Thinking and driving: Hooptie Ride offers safety with style
by Christina D. French '98, M.A. '01
What do cool cars and crushed velvet-covered seats have to do with responsible behavior? They are signature elements of Hooptie Ride, a Blacksburg ride service that caters mainly to the downtown bar scene. A friend to inebriated students as well as both Virginia Tech and Blacksburg police, Hooptie Ride's eye-catching vehicles decorate the downtown scene--and may save lives, too.
The problem of student drinking
In a report by the Task Force on College Drinking of the National Institute on Alcohol Abuse and Alcoholism, each year approximately 1,400 college students die and around 500,000 are injured in accidents related to alcohol use. More than 600,000 college students are assaulted annually by other students who have been drinking and more than 70,000 are victims of alcohol-associated sexual assaults or date rapes--sobering statistics.
Tech is not immune to alcohol-related
tragedies; readers may remember when three Tech students died
in one weekend in 1997, two in a head-on collision and
one after rolling out of her eighth-floor window
in Slusher Hall. The university continues to take measures
to combat the problem of student drinking with its
alcohol-free wellness dorm; continuing education for first-year students
about the number of non-drinking students; and the ban on
frat-party fliers that advertise "byob" and other alcohol-related
messages. Indeed, students who drink are drinking less since 1988,
according to a survey conducted by Tech's College Alcohol
Abuse Prevention Center.
Yet, donning rosy-colored glasses concerning the situation could prove as dangerous as wearing "beer-goggles," or the lenses through which the inebriated are said to see the world. A recent survey done by College Alcohol Studies at the Harvard School of Public Health found that 44 percent of students on college campuses52 percent at Tech--are "binge drinkers," those who've had more than four or five drinks on one occasion.
"Let Hooptie Ride be your designated driver"
David Robinson (environmental science '00), aka "D-Rob," is the founder and owner of Hooptie Ride, whose clientele is at least 95 percent Tech students. Robinson has a realistic view of student drinking--he assumes that some students will drink too much, and, if left with no easy alternatives, that they will drive. "Hooptie Ride was founded to offer a convenient alternative to students and others in the area," says Robinson. "One night after an evening on the town, I called a cab and was told it would be an hour and a half--that's when I realized the need for Hooptie. People won't wait around that long; they'll make a bad
decision instead and drive.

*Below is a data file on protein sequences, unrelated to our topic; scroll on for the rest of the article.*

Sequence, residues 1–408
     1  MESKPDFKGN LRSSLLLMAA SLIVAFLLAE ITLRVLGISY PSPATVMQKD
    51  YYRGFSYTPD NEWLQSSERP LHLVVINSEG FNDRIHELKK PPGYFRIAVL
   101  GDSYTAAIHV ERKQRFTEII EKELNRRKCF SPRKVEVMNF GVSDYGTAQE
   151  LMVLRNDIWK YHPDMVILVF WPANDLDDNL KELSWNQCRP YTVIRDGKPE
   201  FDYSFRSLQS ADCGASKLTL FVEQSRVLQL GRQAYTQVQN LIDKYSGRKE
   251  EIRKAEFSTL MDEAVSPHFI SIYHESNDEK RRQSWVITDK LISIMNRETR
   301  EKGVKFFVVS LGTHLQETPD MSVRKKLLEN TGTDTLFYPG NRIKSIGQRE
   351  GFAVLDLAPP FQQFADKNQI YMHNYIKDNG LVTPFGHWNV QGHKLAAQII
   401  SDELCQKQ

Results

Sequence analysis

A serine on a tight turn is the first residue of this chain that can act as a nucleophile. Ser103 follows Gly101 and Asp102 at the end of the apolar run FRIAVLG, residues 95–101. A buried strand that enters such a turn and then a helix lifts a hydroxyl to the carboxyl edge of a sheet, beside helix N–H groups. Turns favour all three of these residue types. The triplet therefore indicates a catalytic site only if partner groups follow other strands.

"You always hear, 'Use a designated driver,' which
is great. You should hear that, you should do that, but here in a college setting, no
one wants to be that guy," explains Robinson. "So
I said, hey, we'll step in, we'll be the designated
driver." Hooptie Ride even ran for free for the first three
months to encourage usage.
As part of an informal partnership, the
Blacksburg police often call Hooptie Ride to pick up someone who is
at risk of dangerous behavior or a ticket. "We try to give
them priority because an officer is tied up on the scene until we get there. They appreciate
that," Robinson says. "Some nights we're the Hooptie party
aficionados, getting the party going," says Josh Karchem, a Hooptie
Ride driver. "But some nights, the evening's theme is 'How
we're helping clear the streets,'" adds Shawn Moore (geography
'02), also a driver for Hooptie.
Robinson reports that a police lieutenant told him there
were 103 arrests for DUI in 2000. In 2001, after the inception
of Hooptie, police made only 80 arrests for DUI. "That's a 23.5
percent drop in the first year!" He says Hooptie Ride is also
a nice complement to Tech's Safe Ride, which is meant to
protect students from harm but only provides transportation on
campus. "Lots of folks need a ride from off campus back to campus, too."
While some might assume that the service makes drinking
an easier and more attractive option for students,
Karchem counters, "We're a good influence, people see us and say,
'This guy's having a great time, and he's not even drinking.' And
we're making those people who are going to drink no matter
what have a safer time."
Robinson founded Hooptie Ride to give students a "cool" alternative to drinking and driving. When asked whether it's insulting when the highly original Hooptie Ride is likened to a run-of-the-mill taxi service, Robinson responds: "Like Shakespeare said, 'What's in a name?' That which we call a Hooptie by any other name would still be as stylin'."